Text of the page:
Trillium Book Awards Author Reading 2015

Let's Talk Intimacy

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I prefer intimate settings to large gatherings, tête-à-tête shared over a glass of wine (or two) with a friend, or a friend in the making.

Maybe that’s why I gravitate to reading, to writing. Books are read one person at a time, a relationship between reader and author. It’s an intimacy that I don’t think exists with other story forms. I’m not sure watching a movie is an intimate experience, unless there’s an exterior circumstance to the viewing, someone snuggling into you.

It’s often said that writing is a solitary pursuit, and I’d agree. You need to be able (and willing) to spend time with yourself, to leave behind whatever distraction or delight beckons you to jump ship, to go off and do other things, anything, any thing, but write. You have to enjoy your own company enough to stay put inside your head, to build your house of story. But I’m mixing metaphors…

Whether a story house or a story ship, there’s always a reader peering through the window, through the porthole. While I’m writing, I try to look up from the computer every once in a while, to smile, and wave, and say – I know you’re out there, reader, be patient, soon I’ll invite you aboard my ship, into my house. We’ll share that glass of wine, you can read my book, and we’ll get intimate.

All this intimacy talk probably traces back to my childhood. My father wasn’t a reader, and I don’t recall him reading a book while I was growing up, except once. I had returned from the library with the first book I had ever borrowed, The Tale of Peter Rabbit. My mother was the reader in the family, and she probably read many books to me, but I don’t remember those occasions. What I do remember is this – sitting in the lap of my father, and his doing the most unexpected and wonderful thing – holding me close and reading to me.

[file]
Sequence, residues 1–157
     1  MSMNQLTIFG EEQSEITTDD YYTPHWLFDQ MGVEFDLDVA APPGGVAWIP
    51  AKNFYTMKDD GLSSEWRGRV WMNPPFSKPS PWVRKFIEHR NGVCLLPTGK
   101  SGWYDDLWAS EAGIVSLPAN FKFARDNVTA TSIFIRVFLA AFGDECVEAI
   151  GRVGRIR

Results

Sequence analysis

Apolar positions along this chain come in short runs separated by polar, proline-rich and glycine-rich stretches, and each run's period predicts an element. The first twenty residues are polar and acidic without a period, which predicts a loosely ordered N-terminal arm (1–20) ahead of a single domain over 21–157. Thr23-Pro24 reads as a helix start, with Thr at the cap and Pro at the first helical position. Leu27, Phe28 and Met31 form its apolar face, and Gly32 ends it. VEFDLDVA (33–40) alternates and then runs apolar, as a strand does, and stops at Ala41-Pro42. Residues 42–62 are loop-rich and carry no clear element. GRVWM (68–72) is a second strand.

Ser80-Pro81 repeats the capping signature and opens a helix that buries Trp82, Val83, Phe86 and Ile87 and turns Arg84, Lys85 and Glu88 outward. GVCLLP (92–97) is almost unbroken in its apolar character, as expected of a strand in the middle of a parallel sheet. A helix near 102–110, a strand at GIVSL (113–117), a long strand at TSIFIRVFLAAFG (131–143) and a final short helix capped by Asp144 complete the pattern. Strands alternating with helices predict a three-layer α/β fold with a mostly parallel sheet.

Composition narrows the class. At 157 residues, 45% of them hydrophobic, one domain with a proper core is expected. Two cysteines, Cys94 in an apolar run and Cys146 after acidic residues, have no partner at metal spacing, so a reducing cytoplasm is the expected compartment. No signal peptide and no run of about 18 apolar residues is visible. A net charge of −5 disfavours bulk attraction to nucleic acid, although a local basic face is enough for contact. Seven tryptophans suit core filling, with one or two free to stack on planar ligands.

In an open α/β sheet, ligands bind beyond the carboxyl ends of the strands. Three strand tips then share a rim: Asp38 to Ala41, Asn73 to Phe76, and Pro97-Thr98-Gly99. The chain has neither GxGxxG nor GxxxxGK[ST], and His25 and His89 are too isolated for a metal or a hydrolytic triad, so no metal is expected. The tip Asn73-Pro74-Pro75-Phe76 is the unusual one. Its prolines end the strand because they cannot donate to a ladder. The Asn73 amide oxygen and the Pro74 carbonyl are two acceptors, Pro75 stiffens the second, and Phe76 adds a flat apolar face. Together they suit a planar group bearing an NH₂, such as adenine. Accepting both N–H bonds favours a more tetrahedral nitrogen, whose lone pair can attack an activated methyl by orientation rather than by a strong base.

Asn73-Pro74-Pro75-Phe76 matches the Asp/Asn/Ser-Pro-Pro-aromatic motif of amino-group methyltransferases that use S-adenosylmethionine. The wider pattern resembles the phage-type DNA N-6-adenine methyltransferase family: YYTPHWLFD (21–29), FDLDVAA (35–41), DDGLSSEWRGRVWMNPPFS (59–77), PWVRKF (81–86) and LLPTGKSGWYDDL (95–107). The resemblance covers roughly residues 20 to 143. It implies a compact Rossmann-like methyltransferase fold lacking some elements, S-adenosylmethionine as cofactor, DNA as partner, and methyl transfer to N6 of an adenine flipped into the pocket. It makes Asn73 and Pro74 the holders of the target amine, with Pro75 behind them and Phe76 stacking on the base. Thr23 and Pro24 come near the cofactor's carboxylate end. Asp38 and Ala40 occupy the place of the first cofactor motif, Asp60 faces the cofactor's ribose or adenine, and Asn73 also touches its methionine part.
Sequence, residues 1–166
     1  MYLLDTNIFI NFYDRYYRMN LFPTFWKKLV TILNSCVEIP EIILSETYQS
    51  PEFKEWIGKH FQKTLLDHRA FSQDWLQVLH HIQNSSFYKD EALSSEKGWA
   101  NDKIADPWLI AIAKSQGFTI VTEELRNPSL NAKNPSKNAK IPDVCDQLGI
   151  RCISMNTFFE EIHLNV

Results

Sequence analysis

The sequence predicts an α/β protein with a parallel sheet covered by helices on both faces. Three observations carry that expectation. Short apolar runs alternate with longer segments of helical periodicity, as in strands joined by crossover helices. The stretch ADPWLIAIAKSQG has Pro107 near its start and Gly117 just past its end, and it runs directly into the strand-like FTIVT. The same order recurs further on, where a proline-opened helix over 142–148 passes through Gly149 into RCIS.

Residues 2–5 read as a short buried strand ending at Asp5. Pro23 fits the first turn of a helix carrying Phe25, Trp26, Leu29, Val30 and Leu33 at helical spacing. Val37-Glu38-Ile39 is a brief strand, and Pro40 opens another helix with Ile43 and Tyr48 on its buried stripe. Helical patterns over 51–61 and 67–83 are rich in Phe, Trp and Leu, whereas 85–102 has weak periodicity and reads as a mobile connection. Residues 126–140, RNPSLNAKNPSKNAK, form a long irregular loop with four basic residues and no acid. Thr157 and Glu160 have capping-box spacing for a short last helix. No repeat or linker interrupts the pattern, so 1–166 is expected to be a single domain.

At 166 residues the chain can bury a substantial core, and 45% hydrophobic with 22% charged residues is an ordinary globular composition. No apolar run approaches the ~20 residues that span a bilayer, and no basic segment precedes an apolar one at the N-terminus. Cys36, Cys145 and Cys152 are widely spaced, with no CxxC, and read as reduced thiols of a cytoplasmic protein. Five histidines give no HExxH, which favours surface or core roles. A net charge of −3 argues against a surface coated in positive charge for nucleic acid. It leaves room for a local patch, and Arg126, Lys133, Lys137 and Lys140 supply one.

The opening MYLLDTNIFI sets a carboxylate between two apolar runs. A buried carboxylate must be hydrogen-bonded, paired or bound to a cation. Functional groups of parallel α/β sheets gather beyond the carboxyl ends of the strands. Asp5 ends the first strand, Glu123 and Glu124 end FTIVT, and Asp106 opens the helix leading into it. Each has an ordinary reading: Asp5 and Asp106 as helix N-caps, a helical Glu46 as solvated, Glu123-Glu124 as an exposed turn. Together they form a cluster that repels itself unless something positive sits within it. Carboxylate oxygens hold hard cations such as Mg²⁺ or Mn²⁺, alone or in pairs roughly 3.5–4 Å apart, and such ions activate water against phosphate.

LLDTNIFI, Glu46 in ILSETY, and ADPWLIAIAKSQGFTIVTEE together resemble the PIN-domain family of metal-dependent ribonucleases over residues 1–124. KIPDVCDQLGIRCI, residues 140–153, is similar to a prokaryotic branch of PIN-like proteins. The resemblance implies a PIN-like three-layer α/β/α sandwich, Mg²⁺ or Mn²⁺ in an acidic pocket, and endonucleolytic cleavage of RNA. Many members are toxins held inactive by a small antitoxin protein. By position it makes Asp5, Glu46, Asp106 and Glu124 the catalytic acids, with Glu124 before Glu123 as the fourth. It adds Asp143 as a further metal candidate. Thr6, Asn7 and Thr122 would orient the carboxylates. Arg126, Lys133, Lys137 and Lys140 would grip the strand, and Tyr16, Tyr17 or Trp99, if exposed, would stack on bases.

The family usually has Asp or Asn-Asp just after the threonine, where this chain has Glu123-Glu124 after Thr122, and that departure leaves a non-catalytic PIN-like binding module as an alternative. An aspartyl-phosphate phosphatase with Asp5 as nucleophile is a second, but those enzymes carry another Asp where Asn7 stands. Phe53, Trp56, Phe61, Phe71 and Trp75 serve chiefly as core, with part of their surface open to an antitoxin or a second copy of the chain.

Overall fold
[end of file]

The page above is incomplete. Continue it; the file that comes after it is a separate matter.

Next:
The next time I went to the library, I checked out The Tale of Peter Rabbit again, from all the Beatrix Potter titles that filled the shelf. I felt embarrassed when my father refused to read the book to me a second time, wouldn’t let me crawl back up into his lap. I thought I had done something wrong, that I should have known better than to ask it of him.

My father was a practical man. What I realize now, that I didn’t realize as a child, was that to him, it was impractical to read the same book twice. He simply didn’t understand that it was the feeling of intimacy that I had wanted to recreate, the intimacy of story.

~ Marianne Paul

The views expressed in the Writer-in-Residence blogs are those held by the authors and do not necessarily reflect the views of Open Book: Toronto.

Marianne Paul

Marianne Paul's is the author of the novels Dead Girl Diaries (BookLand Press, 2009), Tending Memory (BookLand Press, 2007), Twice in a Blue Moon (BookLand Press, 2007) and The Shunning (Moonstone Press, 1994). Her fiction, non-fiction and poems have appeared in publications such as Vox Feminarum, Cahoots, Canadian Author, Western People and The New Quarterly.

Go to Marianne Paul’s Author Page